Suitable accommodation of the same type and quality has been offered to the tenant and refused. The landlord is required to pay all reasonable removal costs if possession is granted.

Ground 10
The tenant is late with the rental payments but by no more than 8 weeks in the case of weekly payments, 2 months in the case of monthly payments and 1 quarter in the case of quarterly payments.

Ground 11
The tenant is repeatedly late with payments or repeatedly fails to pay their rent until prompted by the landlord.

Ground 12
The tenant has breached any of the terms listed in the tenancy agreement.

Ground 13
The tenant has neglected or damaged the property, or they have sublet the property to another individual who has neglected or damaged the property.

Ground 14
The tenant is considered a nuisance to neighbours or other tenants and has received complaints concerning their conduct.

Ground 15
The furniture listed on the property inventory has been misused, damaged, broken or sold by the tenant or any individual living with them.

Ground 16
The property was let to the tenant as a condition of their employment but the employment has now come to an end.

Ground 17
The property was let on the basis of false information provided by the tenant or one of their referees/ guarantor.

Evicting a tenant to enable the landlord to sell a vacant possession

Selling a vacant possession on the open market is likely to enable the landlord to obtain the best price for the sale, however there is no specific ground for evicting a tenant from a property because the landlord needs or wants to sell the property.

If you need to evict your tenant in order to sell your property please see our separate guide on evicting a tenant to sell a property here.

Notice periods required for the Section 8 Notice

What is important to realise with the notice periods set by law is that these are “minimum periods” and the judge can order the notice period to be longer. This is one of the most frustrating situations a landlord can face especially if they are unable to meet the mortgage payments without a rental income.

The amount of notice a landlord is required to give differs according to the grounds they are citing on the Section 8 form. Ground 2 for example, requires a minimum of 2 months’ notice but grounds 8, 10, 11, 12, 13, 14, 15, 16 and 17 only require 2 weeks’ notice.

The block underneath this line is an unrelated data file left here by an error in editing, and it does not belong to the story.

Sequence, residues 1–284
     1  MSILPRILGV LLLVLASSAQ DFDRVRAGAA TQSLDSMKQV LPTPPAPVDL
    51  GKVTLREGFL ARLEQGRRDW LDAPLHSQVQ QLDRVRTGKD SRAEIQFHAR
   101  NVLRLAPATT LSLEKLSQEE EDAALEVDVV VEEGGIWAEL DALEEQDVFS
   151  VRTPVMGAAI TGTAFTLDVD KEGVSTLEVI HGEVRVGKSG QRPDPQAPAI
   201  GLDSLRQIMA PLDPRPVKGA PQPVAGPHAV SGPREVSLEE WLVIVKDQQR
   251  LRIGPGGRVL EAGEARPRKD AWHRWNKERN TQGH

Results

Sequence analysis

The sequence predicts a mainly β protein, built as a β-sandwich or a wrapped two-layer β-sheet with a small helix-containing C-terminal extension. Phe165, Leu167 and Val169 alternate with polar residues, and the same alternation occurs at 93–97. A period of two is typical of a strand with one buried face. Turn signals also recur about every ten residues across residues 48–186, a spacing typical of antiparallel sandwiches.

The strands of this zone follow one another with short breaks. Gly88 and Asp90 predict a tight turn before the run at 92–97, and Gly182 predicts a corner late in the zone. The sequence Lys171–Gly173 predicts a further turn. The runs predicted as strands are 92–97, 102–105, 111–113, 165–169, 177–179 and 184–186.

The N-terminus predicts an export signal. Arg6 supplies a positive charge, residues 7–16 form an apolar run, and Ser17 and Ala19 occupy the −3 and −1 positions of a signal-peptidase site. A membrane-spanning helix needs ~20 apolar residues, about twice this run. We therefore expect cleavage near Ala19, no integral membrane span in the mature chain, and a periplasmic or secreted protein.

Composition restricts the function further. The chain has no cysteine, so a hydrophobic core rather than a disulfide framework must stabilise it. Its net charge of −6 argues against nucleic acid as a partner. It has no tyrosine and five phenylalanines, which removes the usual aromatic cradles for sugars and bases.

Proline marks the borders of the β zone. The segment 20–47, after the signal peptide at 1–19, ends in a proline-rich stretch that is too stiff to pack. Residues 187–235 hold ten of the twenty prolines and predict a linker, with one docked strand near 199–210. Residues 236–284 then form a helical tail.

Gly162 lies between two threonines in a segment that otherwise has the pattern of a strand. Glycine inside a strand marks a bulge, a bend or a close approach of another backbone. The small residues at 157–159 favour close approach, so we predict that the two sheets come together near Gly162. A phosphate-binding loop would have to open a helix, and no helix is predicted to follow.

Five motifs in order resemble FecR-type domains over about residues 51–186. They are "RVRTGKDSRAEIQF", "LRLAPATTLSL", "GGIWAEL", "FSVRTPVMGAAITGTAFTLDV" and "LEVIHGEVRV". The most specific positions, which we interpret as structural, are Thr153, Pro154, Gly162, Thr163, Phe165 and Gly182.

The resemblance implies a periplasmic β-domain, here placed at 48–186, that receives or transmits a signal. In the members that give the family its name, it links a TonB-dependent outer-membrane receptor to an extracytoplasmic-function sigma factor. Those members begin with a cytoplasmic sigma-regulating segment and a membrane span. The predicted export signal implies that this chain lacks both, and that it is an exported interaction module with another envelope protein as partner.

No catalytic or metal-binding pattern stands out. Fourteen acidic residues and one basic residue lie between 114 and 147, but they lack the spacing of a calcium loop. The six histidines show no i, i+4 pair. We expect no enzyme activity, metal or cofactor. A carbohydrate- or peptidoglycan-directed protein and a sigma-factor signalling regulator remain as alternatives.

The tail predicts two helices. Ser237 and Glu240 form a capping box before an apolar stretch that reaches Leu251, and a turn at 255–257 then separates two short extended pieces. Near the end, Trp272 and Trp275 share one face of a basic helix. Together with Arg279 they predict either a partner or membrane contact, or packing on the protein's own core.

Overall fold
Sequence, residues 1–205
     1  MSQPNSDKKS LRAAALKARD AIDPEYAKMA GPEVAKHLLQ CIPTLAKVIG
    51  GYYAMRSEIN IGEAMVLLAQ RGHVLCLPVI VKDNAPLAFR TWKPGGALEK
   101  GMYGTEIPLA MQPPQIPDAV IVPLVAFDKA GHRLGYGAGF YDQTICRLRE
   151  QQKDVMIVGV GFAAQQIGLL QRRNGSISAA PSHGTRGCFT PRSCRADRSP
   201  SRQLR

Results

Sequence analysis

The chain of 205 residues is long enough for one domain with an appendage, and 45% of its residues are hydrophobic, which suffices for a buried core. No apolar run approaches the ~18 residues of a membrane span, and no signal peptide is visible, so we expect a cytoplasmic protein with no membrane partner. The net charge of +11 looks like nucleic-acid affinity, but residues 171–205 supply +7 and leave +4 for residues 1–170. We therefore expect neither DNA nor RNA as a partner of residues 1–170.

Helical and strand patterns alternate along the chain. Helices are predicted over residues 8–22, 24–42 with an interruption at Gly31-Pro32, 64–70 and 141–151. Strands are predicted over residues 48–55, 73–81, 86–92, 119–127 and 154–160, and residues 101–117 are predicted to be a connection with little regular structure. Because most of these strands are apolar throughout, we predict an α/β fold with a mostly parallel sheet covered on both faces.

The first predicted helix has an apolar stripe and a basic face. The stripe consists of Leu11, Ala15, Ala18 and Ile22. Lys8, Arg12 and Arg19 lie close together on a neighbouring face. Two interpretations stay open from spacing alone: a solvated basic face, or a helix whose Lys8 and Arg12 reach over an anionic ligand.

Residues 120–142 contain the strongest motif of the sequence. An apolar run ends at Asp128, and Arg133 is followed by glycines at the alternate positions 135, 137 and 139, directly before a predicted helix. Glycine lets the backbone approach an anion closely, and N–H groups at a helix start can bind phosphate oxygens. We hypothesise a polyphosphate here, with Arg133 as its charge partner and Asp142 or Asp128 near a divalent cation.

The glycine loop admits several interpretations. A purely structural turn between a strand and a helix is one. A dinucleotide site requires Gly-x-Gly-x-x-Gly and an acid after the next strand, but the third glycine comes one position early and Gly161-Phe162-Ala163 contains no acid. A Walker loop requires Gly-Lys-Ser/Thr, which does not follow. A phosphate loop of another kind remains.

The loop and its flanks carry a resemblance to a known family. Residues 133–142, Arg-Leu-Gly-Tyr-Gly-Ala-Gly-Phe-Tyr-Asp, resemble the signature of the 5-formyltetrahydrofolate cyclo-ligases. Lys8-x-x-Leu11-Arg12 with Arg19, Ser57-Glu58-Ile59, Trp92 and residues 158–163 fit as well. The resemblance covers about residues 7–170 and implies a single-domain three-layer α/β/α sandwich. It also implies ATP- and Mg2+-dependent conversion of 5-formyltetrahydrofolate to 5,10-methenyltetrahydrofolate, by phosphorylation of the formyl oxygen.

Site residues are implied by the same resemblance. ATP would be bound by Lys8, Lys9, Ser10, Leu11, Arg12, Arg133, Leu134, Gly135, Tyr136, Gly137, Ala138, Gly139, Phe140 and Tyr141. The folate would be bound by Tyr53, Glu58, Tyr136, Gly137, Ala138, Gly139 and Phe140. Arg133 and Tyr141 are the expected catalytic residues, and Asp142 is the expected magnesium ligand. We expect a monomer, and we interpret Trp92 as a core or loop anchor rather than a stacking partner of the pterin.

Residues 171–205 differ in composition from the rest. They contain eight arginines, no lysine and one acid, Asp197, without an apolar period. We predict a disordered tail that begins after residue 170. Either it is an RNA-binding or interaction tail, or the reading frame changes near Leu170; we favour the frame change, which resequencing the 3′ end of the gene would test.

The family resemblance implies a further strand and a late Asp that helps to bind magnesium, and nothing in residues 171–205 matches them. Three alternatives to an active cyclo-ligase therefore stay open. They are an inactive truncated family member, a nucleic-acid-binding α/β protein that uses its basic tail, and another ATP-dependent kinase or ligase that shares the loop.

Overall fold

What happens after the Section 8 Notice has been served?

All Section 8 forms must clearly state the date on which the notice expires. This is the date that the tenant has to have paid their rent arrears by, or have vacated the property by, and in nearly 80% of cases the tenant leaves or pays before this date arrives. If the tenant refuses, the landlord can start court possession proceedings on the day following the date cited on the Section 8 form.

Will a Section 8 guarantee that a possession order will be granted?

In simple terms, NO!... The likelihood of being granted a possession order is dependent on the Grounds cited on the Section 8 form, and as mentioned earlier some grounds are mandatory while others are discretionary.

Grounds 2 and 8 are always granted the order but the circumstances surrounding the other grounds are carefully considered by the court before a decision is made.

If a possession order is granted it normally takes effect within 14 days, but in cases of true hardship on the part of the tenant this can sometime be extended to six weeks.

It is worth remembering that landlords can usually still start the section 8 eviction process to evict tenants even though the deposit was not registered.


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Evictions SouthEast has a dedicated team of legal personnel ready to help you with your tenancy problems. We offer a free initial case review to give you some helpful information on how best to proceed with the case and what the likely outcome will be. Should you wish to proceed we will take on your case immediately with our transparent 3 step eviction process all based on a fixed fee pricing structure.

Evictions South East have a 100% success rate to date, and we have unrivalled access to a 48hr court date notification, due to the high volume of cases we process.

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"Throughout the process they [Evictions South East] were very knowledgeable and provided us with regular updates of the case status. Having a legal representative at the court gave us additional piece of mind and we went into the hearing expecting a positive outcome - they delivered on this as well!"
Simon Robinson, Belvoir!

"Many thanks to Evictions SouthEast without whose help I would have struggled to cope. Trying to evict a problem tenant is fraught with difficulty and distress. Yet, Evictions SouthEast were very supportive every step of the way. "
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Tony Gostelow, Private Landlord